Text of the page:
The Visitor File: The Rt. Rev. Michael Marshall

Bishop Michael Marshall is a world-renowned churchman, preacher, and lecturer, the author of several books, and an accomplished concert pianist. He was ordained to the priesthood in 1961 and Consecrated as Bishop in 1975. He began studying the piano at age three. He has performed concerts with the Royal Philharmonic Orchestra, the Philharmonic Orchestra of London, and the St. Louis Symphony Orchestra. He will speak and play at Trinity’s Discovery Class on April 2: Music and Ministry: A Double Life. 

How do you see your two vocations as a musician and a bishop?
For a long time it did seem to me that my commitment to the ministry seemed in opposition to my commitment to music. It’s taken me a lifetime to see that they do converge; that music opens people up in a way that ordinary preaching and teaching don’t. 

When I went to my first parish in Birmingham, England, I didn’t have a piano in my lodgings and I thought, that’s the end of my music for me. There were 18 pubs in the parish; 15 of them had a piano. I would find myself sitting down at the piano at throwing-out-time, when pubs used to throw out at half past 10, playing a pub routine and that was when I began to come back to the piano. Pubs in England are very much the focus of the local community there. People saw the church there in a new light. Music, I’ve found, is really a handmaid in my ministry. 

Was it difficult giving up music as a full time career?
Music has been my Isaac. Abraham was asked to come to the point that he could slay Isaac and then God gave Isaac back to him. I had to get to the point where I was willing to give it up altogether and God has given it back, and I’m free to enjoy it and I think other people enjoy me doing it and I’m free from it. 

I never pretend I’m a professional pianist. I’m a bishop and very enthusiastic about music. I’ve played with some of the great orchestras and I’ve played all over the world, which I never would have had an opportunity to do if I had pursued music full time. Concert pianists are incredibly competitive; I would have been rather disillusioned.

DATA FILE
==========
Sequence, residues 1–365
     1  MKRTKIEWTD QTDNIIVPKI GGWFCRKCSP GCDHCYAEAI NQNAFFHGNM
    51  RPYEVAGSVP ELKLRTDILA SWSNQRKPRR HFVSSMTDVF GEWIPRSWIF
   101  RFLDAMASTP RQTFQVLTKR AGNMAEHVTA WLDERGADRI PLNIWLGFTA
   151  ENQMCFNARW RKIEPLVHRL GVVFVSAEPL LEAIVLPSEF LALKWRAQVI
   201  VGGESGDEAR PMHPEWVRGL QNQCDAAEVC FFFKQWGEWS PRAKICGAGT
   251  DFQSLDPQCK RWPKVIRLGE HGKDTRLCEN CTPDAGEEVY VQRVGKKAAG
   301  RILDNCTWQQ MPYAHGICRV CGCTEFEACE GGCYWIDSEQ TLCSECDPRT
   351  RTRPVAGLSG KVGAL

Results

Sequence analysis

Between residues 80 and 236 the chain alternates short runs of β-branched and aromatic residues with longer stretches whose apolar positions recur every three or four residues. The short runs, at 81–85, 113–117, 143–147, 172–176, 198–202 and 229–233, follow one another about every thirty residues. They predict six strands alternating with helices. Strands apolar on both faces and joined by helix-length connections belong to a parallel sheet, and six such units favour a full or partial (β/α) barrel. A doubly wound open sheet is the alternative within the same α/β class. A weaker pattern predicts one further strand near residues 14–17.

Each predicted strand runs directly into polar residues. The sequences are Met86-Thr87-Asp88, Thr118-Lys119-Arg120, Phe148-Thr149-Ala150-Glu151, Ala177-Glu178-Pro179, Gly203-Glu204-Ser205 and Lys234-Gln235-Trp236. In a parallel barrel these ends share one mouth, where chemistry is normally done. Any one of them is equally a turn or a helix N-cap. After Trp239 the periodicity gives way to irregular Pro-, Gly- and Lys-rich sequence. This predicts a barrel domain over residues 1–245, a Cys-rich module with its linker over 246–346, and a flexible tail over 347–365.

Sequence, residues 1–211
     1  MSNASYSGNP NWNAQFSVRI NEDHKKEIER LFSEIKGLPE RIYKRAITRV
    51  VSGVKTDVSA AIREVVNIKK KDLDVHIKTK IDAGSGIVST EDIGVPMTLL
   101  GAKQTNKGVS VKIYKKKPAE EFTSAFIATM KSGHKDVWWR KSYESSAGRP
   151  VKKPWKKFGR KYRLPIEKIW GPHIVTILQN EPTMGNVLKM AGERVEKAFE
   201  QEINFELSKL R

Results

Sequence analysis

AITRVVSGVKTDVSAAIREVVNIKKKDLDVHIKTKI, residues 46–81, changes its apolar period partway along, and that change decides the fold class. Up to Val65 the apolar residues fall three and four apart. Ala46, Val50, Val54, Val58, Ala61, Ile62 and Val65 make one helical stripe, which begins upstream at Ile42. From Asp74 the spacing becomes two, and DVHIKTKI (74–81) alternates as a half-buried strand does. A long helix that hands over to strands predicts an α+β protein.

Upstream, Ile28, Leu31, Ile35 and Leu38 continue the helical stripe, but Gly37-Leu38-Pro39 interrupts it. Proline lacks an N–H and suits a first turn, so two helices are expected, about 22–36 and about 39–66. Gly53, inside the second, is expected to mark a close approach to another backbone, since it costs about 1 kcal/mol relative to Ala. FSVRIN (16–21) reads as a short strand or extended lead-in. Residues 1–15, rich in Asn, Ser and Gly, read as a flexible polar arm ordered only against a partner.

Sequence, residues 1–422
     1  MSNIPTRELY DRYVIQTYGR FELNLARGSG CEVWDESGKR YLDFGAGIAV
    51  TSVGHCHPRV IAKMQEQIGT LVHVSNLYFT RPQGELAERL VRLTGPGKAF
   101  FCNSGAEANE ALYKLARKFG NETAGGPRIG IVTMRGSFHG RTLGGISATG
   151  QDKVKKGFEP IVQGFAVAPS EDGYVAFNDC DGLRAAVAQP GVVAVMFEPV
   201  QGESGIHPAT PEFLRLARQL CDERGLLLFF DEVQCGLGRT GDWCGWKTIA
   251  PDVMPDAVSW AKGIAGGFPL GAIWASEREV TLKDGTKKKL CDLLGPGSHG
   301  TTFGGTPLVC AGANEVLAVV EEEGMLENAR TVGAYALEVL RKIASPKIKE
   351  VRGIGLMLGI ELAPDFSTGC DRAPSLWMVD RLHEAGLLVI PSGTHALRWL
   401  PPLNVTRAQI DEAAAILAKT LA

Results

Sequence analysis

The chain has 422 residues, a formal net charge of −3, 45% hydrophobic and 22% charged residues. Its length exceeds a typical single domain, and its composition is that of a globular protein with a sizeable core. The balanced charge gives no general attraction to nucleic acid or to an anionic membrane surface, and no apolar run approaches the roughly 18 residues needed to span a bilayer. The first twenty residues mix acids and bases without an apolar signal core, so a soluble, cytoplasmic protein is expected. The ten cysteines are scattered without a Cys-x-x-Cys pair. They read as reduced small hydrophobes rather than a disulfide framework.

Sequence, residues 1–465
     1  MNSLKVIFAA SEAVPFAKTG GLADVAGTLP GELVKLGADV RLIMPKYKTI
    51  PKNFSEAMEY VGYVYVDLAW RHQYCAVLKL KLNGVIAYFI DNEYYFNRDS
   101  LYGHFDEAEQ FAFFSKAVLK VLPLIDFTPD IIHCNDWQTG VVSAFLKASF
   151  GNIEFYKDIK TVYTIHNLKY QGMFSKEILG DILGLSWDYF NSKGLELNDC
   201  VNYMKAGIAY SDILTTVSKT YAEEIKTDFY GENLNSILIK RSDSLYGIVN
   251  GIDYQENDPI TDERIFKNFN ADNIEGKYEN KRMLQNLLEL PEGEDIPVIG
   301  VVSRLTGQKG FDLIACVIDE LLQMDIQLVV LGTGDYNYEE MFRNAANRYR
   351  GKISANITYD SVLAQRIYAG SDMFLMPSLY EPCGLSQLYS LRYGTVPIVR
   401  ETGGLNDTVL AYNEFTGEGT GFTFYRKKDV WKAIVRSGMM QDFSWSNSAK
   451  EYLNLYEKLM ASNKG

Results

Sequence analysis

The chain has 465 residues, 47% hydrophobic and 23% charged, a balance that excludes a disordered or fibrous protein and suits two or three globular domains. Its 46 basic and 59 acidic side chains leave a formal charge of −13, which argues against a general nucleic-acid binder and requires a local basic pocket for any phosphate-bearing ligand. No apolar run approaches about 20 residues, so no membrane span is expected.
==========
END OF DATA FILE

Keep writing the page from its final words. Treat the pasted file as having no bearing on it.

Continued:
How does music connect us to God?
I do think that music is one of the extra things that God put in creation like butterflies. There’s something gratuitous about music; He didn’t have to do it. Rather, like love and poetry and music and art, these are all some extra thing, a bit of a foretaste of what the afterlife will be like. There will be butterflies. Music opens another window into reality, into the greater reality. And it will be as beautiful as Chopin but more, beyond an 8 tone scale, something quite different and yet connected to music. 

What can others learn from your experience finding a vocation?
I think we have got to mind that we don’t get into bondage with the thing we love. God wants us to be able to enjoy his creation. I sometimes look at orchestras playing—they don’t seem always to be enjoying it, because perhaps they’re disappointed. Same thing with ordained ministry: sometimes they’re disappointed they didn’t get the job they think they should have and they don’t think, "God wants me to enjoy what I’m doing." 

I always think of the prodigal son. He didn’t realize that his father loved him and that his father wanted him to enjoy what he had; he never dared break away and enjoy it. He’s rather a sad character. And I often see it in ministry and musicians. The enchantment is gone and they don’t enjoy what they are doing. I think I’ve found a great a freedom and I think I’ve imparted that to others who have enjoyed my ministry and my music too and found it fruitful. It’s good news.